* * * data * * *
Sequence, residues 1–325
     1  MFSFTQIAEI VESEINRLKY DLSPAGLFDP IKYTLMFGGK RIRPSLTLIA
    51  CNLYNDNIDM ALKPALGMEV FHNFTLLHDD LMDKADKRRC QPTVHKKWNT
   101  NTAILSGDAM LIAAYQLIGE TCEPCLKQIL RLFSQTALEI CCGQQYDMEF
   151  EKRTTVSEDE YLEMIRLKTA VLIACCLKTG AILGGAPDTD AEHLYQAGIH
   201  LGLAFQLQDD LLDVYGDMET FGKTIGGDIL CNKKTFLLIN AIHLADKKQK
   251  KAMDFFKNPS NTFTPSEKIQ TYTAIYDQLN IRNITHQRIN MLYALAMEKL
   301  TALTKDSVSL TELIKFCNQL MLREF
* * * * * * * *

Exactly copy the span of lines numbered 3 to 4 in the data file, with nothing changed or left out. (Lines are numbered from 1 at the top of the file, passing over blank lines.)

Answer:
    51  CNLYNDNIDM ALKPALGMEV FHNFTLLHDD LMDKADKRRC QPTVHKKWNT
   101  NTAILSGDAM LIAAYQLIGE TCEPCLKQIL RLFSQTALEI CCGQQYDMEF